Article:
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Hoomii Singer Hugjiltu

Updated: 2015-10-09 13:51:31

( chinatoday.com.cn )

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Back in China, Hugjiltu began to collect materials on Hoomii and carried out extensive research. He tried to teach himself the singing technique, but after several years had made little progress. Dating back 2,600 years or longer, Hoomii involves complicated vocal techniques that produce two distinctively audible pitches at the same time by coordinating vocal cords and the nasal and oral cavities. There is no way of mastering it without professional coaching.

In 1999, Mongolia’s Hoomii guru Odsuren Baatar launched a four-year course in Inner Mongolia, and Hugjiltu signed up. At 39, far beyond the prime age to start the art, he was hardly a model student. But he soon proved to be the most diligent student in the class. His hard work paid off – on conclusion of the course he achieved the highest score, causing Odsuren to admit he was the best student he had taught in Inner Mongolia, and the most promising one.

Highs and Lows

Hugjiltu has overcome multiple difficulties and mishaps in the course of learning Hoomii. The first was losing his voice. “My voice broke soon after I started studying. The cause, my teacher said, was my flawed practicing method,” he recalled. He was anxious about this, as he had heard a rumor that Hoomii was highly damaging to the vocal cords and bungled efforts to learn the craft could ruin the chance of performing any other genre of singing. For a time Hugjiltu debated whether he should continue learning Hoomii. He eventually decided not to give up and resumed training when his voice was fully recovered. “My experience testifies that vocalists can master Hoomii. Actually, I have two advantages in doing so: My experience in vocal music makes it easier to control my breath in learning the craft, and as a bass I have a deep, mellow voice,” Hugjiltu said.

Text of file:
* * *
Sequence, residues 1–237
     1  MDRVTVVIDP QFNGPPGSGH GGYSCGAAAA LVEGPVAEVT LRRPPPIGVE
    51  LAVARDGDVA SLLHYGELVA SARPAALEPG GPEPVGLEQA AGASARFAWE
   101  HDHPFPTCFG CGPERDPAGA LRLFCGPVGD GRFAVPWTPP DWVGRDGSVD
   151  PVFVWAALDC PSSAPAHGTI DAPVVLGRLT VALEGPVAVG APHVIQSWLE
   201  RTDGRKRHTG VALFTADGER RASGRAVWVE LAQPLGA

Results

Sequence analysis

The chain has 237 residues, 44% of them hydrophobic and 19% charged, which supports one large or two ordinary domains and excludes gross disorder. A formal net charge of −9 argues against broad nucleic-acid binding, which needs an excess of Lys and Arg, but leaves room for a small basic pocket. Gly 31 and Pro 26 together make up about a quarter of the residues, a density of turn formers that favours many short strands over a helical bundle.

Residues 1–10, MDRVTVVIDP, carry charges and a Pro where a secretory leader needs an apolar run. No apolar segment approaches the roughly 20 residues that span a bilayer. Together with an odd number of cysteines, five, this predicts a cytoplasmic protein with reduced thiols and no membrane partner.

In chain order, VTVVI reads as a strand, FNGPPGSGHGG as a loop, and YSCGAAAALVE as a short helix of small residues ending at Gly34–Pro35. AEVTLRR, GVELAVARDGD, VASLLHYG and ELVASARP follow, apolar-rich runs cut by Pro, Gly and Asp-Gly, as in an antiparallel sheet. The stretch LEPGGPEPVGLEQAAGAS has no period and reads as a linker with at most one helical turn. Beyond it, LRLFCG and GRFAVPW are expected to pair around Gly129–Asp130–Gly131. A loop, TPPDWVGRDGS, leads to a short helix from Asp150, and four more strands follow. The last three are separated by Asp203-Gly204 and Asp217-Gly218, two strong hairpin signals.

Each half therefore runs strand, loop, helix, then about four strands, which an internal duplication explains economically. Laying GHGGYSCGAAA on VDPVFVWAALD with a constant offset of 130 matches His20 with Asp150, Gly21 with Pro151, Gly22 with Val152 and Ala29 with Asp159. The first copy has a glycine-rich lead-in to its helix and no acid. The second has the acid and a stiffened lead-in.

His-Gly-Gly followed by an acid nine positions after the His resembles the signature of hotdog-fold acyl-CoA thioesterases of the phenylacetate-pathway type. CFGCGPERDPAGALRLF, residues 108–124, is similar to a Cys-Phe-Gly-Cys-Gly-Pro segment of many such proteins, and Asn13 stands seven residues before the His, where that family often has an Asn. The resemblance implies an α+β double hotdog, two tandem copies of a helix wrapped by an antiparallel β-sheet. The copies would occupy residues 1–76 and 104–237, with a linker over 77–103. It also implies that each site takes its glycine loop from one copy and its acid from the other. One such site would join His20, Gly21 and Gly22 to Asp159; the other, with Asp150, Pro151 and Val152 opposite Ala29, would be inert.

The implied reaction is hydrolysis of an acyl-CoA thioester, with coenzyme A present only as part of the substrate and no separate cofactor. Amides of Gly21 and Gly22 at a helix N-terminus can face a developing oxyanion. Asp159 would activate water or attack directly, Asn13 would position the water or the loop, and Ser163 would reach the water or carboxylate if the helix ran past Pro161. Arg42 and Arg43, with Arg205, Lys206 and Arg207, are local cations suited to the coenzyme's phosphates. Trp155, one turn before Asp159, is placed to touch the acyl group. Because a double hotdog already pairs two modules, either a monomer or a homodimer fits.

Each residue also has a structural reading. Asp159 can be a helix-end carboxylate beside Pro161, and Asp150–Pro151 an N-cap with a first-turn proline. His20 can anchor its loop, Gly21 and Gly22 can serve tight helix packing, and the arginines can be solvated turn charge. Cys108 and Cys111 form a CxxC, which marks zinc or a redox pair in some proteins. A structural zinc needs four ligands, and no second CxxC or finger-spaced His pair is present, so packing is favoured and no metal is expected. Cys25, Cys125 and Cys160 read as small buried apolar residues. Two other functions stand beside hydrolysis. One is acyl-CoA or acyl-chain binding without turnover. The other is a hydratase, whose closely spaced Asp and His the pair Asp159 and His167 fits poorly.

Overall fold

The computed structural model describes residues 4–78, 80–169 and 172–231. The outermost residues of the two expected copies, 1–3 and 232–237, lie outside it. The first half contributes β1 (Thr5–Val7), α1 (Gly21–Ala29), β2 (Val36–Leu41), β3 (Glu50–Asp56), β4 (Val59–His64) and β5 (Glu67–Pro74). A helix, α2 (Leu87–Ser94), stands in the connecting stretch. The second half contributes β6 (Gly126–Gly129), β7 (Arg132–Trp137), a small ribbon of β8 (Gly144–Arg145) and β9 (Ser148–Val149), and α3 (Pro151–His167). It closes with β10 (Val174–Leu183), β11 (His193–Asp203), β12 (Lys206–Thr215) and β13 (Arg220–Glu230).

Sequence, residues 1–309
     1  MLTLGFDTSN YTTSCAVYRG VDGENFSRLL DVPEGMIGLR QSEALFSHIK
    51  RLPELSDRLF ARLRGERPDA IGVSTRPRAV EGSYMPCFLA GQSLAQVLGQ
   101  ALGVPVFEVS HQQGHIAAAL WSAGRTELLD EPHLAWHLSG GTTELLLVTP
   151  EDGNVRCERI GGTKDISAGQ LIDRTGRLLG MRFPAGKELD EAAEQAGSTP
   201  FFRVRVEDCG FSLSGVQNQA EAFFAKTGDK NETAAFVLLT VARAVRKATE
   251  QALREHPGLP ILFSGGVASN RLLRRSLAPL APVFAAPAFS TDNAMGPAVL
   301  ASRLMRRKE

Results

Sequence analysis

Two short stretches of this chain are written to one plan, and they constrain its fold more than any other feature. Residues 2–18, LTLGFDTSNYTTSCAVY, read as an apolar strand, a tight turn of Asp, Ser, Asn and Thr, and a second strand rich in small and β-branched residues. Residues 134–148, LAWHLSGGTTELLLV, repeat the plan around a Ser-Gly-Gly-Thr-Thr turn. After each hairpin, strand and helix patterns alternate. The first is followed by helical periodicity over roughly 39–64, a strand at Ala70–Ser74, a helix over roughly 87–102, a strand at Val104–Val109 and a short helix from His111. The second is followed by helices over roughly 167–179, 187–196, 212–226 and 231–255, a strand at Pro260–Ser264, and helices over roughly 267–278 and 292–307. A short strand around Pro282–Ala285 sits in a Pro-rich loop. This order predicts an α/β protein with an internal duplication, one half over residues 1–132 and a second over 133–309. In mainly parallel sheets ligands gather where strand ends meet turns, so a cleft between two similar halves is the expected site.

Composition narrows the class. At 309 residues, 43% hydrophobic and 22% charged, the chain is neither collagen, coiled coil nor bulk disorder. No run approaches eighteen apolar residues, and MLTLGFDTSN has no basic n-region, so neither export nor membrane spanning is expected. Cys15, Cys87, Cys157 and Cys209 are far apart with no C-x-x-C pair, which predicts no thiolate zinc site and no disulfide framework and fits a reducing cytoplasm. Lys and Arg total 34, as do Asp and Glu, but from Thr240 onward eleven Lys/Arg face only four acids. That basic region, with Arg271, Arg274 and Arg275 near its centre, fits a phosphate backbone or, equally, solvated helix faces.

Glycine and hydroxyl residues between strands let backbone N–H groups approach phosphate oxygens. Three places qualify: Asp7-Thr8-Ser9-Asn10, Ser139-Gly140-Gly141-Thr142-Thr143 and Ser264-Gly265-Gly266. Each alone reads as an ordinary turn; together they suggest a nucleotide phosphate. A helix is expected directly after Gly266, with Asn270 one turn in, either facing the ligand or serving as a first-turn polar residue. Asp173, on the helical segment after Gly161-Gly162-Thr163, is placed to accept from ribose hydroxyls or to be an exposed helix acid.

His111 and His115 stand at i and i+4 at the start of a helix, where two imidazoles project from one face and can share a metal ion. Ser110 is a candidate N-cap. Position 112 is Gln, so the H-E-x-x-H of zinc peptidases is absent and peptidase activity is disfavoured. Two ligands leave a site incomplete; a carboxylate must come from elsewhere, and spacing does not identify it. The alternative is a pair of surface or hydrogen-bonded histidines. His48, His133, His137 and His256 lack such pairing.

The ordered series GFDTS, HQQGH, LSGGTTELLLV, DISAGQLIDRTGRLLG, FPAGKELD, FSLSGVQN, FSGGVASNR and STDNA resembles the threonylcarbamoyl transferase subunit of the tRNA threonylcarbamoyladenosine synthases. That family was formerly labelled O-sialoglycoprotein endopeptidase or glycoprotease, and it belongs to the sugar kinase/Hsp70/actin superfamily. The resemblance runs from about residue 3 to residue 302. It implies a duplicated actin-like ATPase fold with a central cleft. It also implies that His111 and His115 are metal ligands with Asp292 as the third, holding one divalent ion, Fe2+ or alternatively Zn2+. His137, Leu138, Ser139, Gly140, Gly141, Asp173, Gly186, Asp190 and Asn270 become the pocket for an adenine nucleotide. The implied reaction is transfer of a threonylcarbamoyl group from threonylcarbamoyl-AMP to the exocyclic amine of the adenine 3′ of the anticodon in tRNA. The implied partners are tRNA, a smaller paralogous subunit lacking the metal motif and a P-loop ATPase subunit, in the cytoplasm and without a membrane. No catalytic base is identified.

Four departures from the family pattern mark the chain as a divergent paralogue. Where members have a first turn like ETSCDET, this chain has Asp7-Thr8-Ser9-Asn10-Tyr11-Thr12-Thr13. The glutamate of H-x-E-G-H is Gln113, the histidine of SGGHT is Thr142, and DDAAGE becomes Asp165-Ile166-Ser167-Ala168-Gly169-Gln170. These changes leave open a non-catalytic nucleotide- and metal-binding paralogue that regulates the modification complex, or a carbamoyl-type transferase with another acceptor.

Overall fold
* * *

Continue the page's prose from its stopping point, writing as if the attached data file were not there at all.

Hugjiltu gave his first public Hoomii performance after four years of study. It was for the 2002 Inner Mongolia Chinese New Year gala. His debut was so eventful that he still remembers every detail.

The gala director’s invitation didn’t reach Hugjiltu until one week before the recording, catching him completely unprepared. He cherished the opportunity that would put his learning to the test, but needed a new song for the performance. He turned to Se Enkhbayar, an Inner Mongolian composer who had studied in Mongolia and researched Hoomii, for help. Excited by the prospect, Enkhbayar took on the task and within three days, Heavenly Colt was finished.

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